If you have ever seen an alpaca firsthand, you probably remember its toothy grin as its big eyes peek at you through long, wavy bangs. If you haven't had the pleasure of seeing one, a ranch in Brownsburg, Indiana, with quite a history of its own is home to a group of these domesticated South American creatures.
Montrose Farms Alpaca Ranch sits on 10 acres at 3750 N. County Road 950 East in Brownsburg. Owner Lori Lovely goes out of her way to make the ranch accessible to the public, including numerous events throughout the year in addition to private tours.
Tucked into what has become a primarily residential area because of the town’s growth, the ranch harkens back to the past with a farmhouse, barns, pastures and, of course, alpacas!
Montrose Farms History
Lori loves history and enjoys discussing the long life of the farm. The farmhouse was built in 1876, and the biggest barn on the property has 1879 carved into its hand-hewn beams.
James Brown, a veteran of the War of 1812, acquired this property as part of the Land Act of 1820. The town of Brownsburg was even named after him. Needless to say this ranch and the land it sits on is rich with history.
But despite all the progress and growth around it, the property has remained a family farm for nearly 150 years, only changing hands a few times. Lori's family purchased the property in 2007, undertaking an extensive renovation of the historic home and readying pastures to welcome their new wooly residents.
The alpacas usually number between 20 to 30 animals. Lori loves to show off the farm and is willing to customize every tour based on interests of those attending. Just give her a bit of advanced notice, and she will happy to take a group from as small as one family to larger school groups on a private tour of the ranch.
There is a small fee for tours based on the size of the group.
Lori's Tips Before You Go
- Wear comfortable clothing.
- Alpacas are curious but nervous at the same time. The calmer and quieter you are, the better experience you will have.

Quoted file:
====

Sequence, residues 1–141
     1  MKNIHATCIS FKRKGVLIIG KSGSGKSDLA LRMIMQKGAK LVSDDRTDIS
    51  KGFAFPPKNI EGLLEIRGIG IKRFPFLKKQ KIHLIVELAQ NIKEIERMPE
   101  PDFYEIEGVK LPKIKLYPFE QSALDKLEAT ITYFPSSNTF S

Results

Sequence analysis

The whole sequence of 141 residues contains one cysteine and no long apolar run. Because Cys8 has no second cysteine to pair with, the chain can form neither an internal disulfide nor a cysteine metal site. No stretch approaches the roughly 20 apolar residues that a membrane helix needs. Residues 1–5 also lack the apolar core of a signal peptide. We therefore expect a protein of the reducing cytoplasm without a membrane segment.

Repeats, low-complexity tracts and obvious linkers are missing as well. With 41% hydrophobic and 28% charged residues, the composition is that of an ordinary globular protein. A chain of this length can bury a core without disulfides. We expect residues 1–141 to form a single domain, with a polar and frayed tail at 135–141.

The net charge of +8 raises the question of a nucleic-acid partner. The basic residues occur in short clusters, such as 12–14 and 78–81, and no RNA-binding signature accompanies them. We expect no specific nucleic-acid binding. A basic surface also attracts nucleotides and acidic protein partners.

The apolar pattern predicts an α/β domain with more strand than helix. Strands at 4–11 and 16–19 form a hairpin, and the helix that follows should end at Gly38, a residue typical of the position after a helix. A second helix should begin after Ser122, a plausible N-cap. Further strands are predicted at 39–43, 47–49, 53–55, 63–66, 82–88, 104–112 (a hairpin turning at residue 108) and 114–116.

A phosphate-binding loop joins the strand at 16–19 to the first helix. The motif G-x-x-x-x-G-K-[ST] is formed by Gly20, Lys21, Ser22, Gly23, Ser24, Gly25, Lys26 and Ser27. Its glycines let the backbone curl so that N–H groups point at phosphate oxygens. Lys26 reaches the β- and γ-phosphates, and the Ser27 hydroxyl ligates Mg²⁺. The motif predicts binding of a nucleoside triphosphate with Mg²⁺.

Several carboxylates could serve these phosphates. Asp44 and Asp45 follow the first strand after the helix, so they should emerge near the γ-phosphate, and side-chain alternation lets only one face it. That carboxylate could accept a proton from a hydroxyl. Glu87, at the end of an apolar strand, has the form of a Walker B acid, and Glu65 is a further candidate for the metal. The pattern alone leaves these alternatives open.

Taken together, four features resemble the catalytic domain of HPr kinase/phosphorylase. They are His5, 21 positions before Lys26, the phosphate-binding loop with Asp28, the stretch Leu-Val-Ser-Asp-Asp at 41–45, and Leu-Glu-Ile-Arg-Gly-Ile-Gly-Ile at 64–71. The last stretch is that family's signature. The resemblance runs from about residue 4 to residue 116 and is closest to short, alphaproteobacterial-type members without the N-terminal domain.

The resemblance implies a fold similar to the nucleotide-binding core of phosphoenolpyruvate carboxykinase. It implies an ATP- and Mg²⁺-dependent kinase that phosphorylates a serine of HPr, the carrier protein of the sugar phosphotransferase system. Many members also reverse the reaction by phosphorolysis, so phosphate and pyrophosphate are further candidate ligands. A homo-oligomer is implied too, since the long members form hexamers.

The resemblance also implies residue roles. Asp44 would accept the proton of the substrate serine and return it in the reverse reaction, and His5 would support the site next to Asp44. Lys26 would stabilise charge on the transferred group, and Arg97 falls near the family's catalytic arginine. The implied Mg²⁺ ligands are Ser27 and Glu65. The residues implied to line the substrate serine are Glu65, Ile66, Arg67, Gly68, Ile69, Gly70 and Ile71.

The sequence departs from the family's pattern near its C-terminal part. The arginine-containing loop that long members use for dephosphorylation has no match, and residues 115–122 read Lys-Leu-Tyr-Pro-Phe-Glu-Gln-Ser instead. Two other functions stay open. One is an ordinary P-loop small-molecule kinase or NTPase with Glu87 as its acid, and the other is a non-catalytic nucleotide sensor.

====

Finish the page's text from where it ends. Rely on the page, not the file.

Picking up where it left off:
- Lori compares their personality to that of a cat. She said they are more interested in you if you ignore them. For the best experience possible, let them come to you.
- Often guests, especially young children, are afraid of the alpacas, but there is no reason to be scared. They don’t bite, and they really do like people, she said.
Questions to Ask
Need inspiration for what questions to ask when you are there? Here are the most common ones -- or at least ones that might surprise people.
- Why can't they bite you?
- What part of their body do they prefer to be petted?
- What is the lifespan of alpacas?
- Why do males and females need to be housed in separate barns and pastures?
- What is an ideal way to cool them off on a hot summer day?
- Will they respond to their name?
Montrose Farms Alpaca Ranch provides a home to other animals as well. Several livestock guard dogs live among the alpacas to protect them from predators. These dogs are large but friendly to people and enjoy human attention. They also house free-range chickens on their farm.
While visiting the ranch, I had an opportunity to touch the finished goods from Suri alpaca fleece, and I couldn't believe how soft it is. Visitors can purchase blankets, hats, socks, scarves, teddy bears, mini alpaca keychains and even a children’s book that Lori wrote.
They also offer alpaca fleece dryer balls, which replace dryer sheets. They've proven to be a popular seller, as they last forever, and no chemicals are present.
You can shop during your scheduled tour, or visit on Small Business Saturday, where they will be open to the public from 11 a.m. to 2 p.m.
Montrose Farms is always experimenting with new events to get more people to the ranch to meet the alpacas. Two of the most popular have become the annual National Alpaca Farm Day Open House, which always features activities and demonstrations that you can only see at that event, and their Alpaca Yoga events.
For something truly unique, give yoga with the alpacas a try! Here’s a list of some upcoming events, but check their website for more information and for updates:
- Wine Tasting with the Alpacas – Sept. 2
- Alpaca Yoga – 1st and 3rd Saturdays through October
- National Alpaca Farm Day Open House – Sept. 23
- Holiday Shopping – Nov. 25
Lori said she also occasionally hosts engagement dinners and other special private gatherings at the farm. You can contact her about availability and rates.
Photos are always welcome at the farm, and Lori said people especially love to get selfies with the alpacas.
Of course, you will come across many more photo opportunities during this truly unique Hendricks County experience.